Introversion Software has come a long way since it started out in a small English bedroom. From shipping its first game on CD-Rs to signing a distribution deal with Valve's Steam, Introversion is now successful enough to have a central London office where it's developing its fourth original title. The company's Tom and Vicky Arundel met with us in the south of the capital to give us an overview of the company's development, followed by a hands-on with new modes from its upcoming Multiwinia.
"It really kicked off when we told publishers we didn't want them f**cking up our game," said director Tom, referencing the company's famous IGF award acceptance speech for Darwinia. "Straight after, pretty much every publisher in the business approached us," he continues. He recounts how one major British name turned down his request for £50,000 of funding on one of the company's early titles--a decision that meant he had to survive on nothing, but one that's allowed Introversion to stay completely independent ever since. Having inked deals with Microsoft to develop titles for the Xbox 360, Introversion is now lucky enough to work with the business' major names while continuing to play by its own rules.
Today though, we're meeting with Introversion to see Multiwinia, the multiplayer take on the developer's first major hit, Darwinia. The game is pretty much complete at this stage, and although the control scheme went through a major rehaul recently, the PC version is on track for its September 19 release. Darwinia fans should be able to grasp the concept behind this four-player strategy game, but those unfamiliar with the company's games should imagine a game that crosses real-time strategy resource management, pikmin-like cuteness, and Tron-esque visuals.
It's clear that Multiwinia is designed from the ground up to be accessed by as many people as possible. It's designed for both PC and Mac, and it will run on fairly humble machines with just the keyboard and mouse for controls. You move the camera using the W, A, S, and D keys and zoom in and out using the mouse wheel. Control of the Multiwinians is all on the mouse buttons--hold the left down to circle the units you want to control, and then move them using the right button. New Multiwinians constantly spill out of your home base, though, so to stop you from having to go back and forth, you can create officers who will automatically traffic other units to certain destinations. If you have an Xbox 360 controller or other USB-compatible pad, then you can use that too.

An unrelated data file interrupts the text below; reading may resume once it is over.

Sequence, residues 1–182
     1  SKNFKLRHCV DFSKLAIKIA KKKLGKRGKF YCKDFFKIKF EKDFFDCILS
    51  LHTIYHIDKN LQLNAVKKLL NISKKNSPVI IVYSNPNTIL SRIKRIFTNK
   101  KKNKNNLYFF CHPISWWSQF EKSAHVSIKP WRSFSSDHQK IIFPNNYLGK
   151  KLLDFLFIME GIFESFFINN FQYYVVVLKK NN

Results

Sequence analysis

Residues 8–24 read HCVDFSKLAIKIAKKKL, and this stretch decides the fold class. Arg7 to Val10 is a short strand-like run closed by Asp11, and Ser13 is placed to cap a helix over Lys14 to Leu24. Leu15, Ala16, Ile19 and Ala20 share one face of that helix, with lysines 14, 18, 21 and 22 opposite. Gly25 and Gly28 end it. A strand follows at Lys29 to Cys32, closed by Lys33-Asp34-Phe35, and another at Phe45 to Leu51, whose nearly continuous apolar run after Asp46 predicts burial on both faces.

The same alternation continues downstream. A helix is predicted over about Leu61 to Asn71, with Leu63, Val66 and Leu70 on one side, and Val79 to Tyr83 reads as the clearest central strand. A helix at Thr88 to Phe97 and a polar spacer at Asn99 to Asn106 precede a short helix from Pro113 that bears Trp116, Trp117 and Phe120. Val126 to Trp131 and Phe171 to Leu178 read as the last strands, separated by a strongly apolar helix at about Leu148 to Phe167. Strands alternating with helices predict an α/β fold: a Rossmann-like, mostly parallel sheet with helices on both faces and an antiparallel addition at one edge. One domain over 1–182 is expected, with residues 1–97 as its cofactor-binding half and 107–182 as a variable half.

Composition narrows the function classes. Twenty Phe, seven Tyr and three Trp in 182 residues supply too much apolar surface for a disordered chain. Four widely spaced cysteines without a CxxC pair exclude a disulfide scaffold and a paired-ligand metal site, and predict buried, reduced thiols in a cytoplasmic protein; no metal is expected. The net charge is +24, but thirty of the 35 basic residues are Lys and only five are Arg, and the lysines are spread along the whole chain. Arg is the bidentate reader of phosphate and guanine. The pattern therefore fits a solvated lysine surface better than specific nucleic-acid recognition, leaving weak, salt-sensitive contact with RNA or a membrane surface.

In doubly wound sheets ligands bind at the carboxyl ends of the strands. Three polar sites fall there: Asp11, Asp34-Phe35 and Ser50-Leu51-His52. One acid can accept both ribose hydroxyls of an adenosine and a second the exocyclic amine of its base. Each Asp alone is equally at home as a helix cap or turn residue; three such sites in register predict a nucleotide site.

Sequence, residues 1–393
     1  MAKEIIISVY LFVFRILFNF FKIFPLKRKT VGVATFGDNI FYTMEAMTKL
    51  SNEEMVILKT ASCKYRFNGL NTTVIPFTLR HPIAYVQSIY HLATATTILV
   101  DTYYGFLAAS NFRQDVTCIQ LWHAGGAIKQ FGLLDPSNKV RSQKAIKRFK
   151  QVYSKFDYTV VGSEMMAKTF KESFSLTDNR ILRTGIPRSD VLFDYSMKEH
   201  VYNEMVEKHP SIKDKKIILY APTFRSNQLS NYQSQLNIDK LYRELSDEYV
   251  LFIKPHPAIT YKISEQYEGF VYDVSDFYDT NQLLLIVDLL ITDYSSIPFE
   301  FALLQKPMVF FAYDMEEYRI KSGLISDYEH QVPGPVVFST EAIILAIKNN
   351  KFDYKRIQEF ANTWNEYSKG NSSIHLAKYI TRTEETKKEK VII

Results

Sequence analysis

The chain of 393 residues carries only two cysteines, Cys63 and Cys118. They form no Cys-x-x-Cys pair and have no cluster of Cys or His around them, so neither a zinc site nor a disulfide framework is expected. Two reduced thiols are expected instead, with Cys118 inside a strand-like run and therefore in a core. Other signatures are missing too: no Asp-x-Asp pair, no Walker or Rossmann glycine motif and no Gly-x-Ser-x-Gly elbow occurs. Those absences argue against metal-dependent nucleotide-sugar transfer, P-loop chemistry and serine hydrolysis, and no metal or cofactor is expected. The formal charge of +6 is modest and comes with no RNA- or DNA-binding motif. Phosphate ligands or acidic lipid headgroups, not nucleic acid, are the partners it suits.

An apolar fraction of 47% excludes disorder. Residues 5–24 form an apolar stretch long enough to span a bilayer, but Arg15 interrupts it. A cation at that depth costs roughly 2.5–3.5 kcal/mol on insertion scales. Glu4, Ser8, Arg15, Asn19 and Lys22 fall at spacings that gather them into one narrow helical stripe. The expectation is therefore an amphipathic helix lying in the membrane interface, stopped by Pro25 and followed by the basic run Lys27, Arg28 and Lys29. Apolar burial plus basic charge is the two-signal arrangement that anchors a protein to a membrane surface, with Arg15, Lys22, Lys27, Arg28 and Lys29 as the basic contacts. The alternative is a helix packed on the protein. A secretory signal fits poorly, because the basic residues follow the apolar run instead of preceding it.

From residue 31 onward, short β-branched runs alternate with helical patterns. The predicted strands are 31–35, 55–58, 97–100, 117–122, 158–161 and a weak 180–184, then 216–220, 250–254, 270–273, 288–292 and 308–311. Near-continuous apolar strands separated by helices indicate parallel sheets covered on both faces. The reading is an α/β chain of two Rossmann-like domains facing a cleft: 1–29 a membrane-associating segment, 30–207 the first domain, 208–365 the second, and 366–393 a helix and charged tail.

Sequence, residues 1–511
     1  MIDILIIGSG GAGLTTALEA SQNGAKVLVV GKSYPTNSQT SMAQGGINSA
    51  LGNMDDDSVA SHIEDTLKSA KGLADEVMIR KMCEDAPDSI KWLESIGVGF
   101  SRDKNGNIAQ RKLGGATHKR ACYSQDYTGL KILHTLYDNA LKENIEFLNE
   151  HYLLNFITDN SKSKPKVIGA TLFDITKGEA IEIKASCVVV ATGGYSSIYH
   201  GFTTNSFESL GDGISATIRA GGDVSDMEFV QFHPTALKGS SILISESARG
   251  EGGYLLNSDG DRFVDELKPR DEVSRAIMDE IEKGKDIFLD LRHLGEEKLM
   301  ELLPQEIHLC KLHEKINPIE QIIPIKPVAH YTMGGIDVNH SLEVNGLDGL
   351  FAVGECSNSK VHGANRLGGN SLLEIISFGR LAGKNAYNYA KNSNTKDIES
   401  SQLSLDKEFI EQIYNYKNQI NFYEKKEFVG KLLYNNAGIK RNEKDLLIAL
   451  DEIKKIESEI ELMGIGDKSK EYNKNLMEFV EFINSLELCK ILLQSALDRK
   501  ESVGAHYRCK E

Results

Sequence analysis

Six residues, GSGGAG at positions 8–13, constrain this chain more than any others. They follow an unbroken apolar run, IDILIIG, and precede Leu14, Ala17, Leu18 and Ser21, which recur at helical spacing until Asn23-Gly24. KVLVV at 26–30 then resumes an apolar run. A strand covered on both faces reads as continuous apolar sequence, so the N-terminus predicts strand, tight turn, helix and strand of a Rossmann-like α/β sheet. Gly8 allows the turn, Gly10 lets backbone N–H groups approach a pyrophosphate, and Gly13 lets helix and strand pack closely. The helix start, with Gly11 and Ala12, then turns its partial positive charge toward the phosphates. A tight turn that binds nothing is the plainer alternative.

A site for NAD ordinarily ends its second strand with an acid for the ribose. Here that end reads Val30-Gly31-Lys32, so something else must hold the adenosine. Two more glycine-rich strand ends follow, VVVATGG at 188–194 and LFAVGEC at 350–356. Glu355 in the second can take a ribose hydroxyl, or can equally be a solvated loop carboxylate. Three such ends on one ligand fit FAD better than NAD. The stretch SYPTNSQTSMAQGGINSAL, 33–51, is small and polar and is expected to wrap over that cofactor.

The team was keen to show us Blitzkrieg, a never-before-seen game mode that mixes Capture the Flag and Last Man Standing multiplayer styles. The idea is to maintain control of your home flag while sending out Multiwinians to capture your opponents' flags. The flags are interlinked by power lines, so in order to win the map, you have to take all of the flags in the game. When players lose their flags, then they drop out of the game, but they remain as god-like creatures who can seek retribution against their enemies with powerful weapons every 30 seconds. Normal players also have access to these powers by collecting crate drops. Deadly forests can consume entire patches of Multiwinians and turn them into rogue units, nukes allow you to obliterate from afar, or you can get up close and personal with a tank. But our favourite weapon was the air strike, which sees tiny Space Invader-like aliens descend rain destruction.
There are more nods to video game culture in the second mode we played, Capture the Statue. The idea in Capture the Statue is to get Multiwinians to collect huge monoliths and bring them back to your base. The statues feature cheeky signs with messages, such as "Your ad here"--a nod to the rise of in-game advertising in many major games. Although we didn't see it, we are told that there will also be a statue wielding a Companion Cubes too; Valve's Gabe Newell is apparently a huge fan of Darwinia, and with Introversion owing a huge part of their success to the company's Steam platform, they thought it only right to honour them somehow. As for game mode itself, we found it much more frantic than Blitzkrieg. Although we were winning for most of the game, it soon turned into absolute chaos as the crate drops increased and the majority of teams abandoned statue hunting to fend off attacks. Adding to the confusion was a UFO that caught our Multiwinians in its tractor beam and turned them into Futurewinians--rogue units that ran amok with their own agendas.
There will be about 50 maps in the game in total, all of which can be played locally against the AI, over a LAN, or on the Internet with three other people. Clearly, Introversion wants to have people playing during their lunch hours (or whenever the boss isn't looking) because each game is designed to be over within 15 minutes. There was some confusion as to whether fans will be able to create their own levels for the game, but if it's a success, then the developers say they'd love to work on a new map pack. The PC version of Multiwinia will launch on September 19, with a £15 price point for download and £20 for the disc version. Introversion's Web site will also offer a £30 special edition with an art book, foam models, postcards, and the original Darwinia. Sadly, the Mac version has slipped slightly, but the team hopes to have the conversion work done sometime in October. Stay tuned for our full review once the game launches.